Yorkshire says former player was victim of racial harassment

LEEDS, England (AP) — English county cricket team Yorkshire acknowledged on Friday that one of its former players was the victim of racial harassment and bullying.

Azeem Rafiq, a former England Under-19 captain, said in interviews last year that as a Muslim he was made to feel like an “outsider” during his time at Yorkshire from 2008-18 and that he was close to taking his own life. Rafiq was Yorkshire’s youngest ever captain when he led the team in a Twenty20 match in 2012.

A formal investigation was commissioned by Yorkshire into Rafiq’s claims and a summary of an independent panel’s findings and recommendations was finally published.

Yorkshire said Rafiq made more than 40 allegations, seven of which were upheld in the report.

“There is no question that Azeem Rafiq, during his first spell as a player at YCCC, was the victim of racial harassment,” Yorkshire chairman Roger Hutton said.

“He was also subsequently the victim of bullying. On behalf of all at YCCC, I wish to extend my sincere, profound and unreserved apologies to Azeem and to his family.”

The report found Rafiq, whose first spell at Yorkshire was from 2008-14, had not been provided with halal food at matches, something which has now been rectified.

It found there were three instances of racist language being used prior to 2010, which amounted to harassment on the grounds of race.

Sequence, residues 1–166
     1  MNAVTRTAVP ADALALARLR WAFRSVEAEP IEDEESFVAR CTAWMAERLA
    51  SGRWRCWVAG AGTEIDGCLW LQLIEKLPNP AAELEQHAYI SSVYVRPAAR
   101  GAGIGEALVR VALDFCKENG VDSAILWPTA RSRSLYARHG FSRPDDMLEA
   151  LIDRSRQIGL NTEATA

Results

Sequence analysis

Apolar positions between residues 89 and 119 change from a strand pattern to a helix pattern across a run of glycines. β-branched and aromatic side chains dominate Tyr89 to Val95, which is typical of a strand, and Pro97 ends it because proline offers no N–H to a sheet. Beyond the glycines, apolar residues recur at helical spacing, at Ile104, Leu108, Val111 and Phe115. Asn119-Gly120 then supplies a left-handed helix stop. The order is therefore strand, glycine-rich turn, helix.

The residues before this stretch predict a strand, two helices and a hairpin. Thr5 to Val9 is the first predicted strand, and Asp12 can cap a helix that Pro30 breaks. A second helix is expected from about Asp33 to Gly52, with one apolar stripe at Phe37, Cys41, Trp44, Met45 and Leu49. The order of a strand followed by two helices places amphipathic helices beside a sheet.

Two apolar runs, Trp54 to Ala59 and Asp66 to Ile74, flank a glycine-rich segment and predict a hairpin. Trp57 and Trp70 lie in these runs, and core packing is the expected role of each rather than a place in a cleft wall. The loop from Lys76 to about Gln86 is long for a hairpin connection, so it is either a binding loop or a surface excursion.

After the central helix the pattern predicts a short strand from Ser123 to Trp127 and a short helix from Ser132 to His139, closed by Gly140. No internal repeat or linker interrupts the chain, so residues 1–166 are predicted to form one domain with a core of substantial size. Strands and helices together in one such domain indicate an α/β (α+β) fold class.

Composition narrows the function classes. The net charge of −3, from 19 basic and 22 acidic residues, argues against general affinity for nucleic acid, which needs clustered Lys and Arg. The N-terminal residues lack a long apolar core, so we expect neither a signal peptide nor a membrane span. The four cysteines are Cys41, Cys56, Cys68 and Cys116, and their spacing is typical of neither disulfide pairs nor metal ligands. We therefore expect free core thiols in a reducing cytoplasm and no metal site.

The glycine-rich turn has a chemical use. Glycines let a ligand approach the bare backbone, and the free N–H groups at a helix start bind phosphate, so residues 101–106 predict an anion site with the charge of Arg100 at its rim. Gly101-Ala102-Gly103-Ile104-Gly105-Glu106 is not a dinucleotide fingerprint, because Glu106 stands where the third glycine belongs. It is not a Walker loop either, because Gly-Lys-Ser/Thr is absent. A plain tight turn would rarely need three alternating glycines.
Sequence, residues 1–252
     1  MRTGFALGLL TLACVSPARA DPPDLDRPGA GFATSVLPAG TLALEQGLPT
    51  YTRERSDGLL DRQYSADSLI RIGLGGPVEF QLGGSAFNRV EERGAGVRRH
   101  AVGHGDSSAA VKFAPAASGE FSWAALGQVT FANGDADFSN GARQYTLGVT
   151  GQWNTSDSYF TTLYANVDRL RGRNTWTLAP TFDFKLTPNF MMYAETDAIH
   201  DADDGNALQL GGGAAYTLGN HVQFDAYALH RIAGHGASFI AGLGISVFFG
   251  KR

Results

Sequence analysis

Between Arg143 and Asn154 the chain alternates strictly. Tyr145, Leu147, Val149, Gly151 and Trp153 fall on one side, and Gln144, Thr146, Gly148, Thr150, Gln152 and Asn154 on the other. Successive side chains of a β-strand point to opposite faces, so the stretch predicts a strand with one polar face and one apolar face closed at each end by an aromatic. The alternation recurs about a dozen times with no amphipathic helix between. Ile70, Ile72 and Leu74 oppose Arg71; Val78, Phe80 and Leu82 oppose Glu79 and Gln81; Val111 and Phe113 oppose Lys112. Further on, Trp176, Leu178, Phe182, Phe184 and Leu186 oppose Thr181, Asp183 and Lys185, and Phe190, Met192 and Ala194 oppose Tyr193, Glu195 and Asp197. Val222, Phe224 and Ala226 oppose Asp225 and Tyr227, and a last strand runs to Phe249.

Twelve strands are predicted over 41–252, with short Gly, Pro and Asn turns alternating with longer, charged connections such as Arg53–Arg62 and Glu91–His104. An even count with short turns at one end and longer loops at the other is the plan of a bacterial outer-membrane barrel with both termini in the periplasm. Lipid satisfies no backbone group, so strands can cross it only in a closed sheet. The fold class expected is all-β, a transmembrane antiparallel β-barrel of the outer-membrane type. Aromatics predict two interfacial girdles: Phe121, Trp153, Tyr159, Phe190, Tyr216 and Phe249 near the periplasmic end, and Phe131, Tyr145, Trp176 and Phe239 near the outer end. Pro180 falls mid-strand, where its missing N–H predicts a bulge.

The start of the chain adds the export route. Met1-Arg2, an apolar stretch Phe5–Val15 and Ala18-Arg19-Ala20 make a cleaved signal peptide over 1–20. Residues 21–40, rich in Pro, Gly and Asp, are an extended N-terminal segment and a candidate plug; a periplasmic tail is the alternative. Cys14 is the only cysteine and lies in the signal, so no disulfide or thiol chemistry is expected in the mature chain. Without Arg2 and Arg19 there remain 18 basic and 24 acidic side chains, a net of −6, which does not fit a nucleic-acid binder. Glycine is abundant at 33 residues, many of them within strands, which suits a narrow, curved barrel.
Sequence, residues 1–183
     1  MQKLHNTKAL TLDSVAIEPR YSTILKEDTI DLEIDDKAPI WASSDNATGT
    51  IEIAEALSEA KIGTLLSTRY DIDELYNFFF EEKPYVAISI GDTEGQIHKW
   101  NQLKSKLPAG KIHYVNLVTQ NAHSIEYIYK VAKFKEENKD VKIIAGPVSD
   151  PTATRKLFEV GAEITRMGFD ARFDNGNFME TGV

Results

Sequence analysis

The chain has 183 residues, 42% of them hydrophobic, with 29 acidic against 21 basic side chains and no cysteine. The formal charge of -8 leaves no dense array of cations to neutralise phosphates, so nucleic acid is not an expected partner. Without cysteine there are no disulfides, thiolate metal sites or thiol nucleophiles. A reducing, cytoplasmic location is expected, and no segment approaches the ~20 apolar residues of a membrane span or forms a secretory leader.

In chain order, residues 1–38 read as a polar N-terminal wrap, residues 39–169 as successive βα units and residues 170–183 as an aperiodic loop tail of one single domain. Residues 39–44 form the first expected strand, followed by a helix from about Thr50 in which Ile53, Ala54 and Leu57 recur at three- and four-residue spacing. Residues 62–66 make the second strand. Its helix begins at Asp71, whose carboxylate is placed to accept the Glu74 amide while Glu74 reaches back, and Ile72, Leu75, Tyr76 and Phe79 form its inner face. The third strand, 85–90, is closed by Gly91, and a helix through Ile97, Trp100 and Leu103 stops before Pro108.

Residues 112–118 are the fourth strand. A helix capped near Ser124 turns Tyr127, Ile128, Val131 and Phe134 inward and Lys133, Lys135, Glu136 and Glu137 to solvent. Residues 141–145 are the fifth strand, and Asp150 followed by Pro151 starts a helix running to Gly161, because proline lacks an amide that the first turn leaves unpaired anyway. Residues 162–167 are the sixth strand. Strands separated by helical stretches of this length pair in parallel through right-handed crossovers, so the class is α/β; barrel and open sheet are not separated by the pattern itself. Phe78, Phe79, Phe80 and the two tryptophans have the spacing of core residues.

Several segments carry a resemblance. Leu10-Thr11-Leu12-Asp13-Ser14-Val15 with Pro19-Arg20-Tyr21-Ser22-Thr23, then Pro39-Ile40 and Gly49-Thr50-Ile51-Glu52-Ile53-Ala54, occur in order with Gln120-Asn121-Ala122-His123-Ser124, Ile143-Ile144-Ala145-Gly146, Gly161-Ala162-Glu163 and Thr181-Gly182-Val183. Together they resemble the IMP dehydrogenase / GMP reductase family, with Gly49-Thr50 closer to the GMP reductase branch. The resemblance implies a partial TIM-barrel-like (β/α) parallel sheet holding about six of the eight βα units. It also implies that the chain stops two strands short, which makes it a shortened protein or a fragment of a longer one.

In 2012, a former coach “regularly used” racist language, the report said.

During Rafiq’s second spell, from 2016-18, jokes around religion were made which left individuals feeling uncomfortable, the report found.

Also in that time frame, a reference was made to Rafiq’s weight and fitness which amounted to bullying. The report also accepted that there was a failure by the club in August 2018 to follow up on allegations Rafiq made at that time.

The final allegation to be upheld was that on a number of occasions prior to 2018, the club could have done more to make Muslims feel more welcome within their stadiums and should have dealt better with complaints of racism and anti-social behavior within those stadiums.

The report did find, however, there was insufficient evidence to conclude that the club was institutionally racist.

It also found that all decisions made concerning Rafiq’s selection and ultimate release from the club were entirely based on cricketing reasons.

“I am confident the responsible way that the report has been received by the whole club, together with the clear and collective determination to enthusiastically embrace its recommendations, is an important moment in our journey to become more thoughtful, more inclusive, and to make sure that every aspect of the club fully lives up to the spirit of the great game of cricket,” Hutton said.

Ian Watmore, chairman of the England and Wales Cricket Board, said “the game owes (Rafiq) an apology and we are happy to offer that apology to him.”

“There is simply no place for racism in cricket, and what Azeem experienced was unacceptable,” Watmore said. “The ECB has only seen the statement and summary report for the first time today, so we will now examine the contents in detail to decide what further action is required.”

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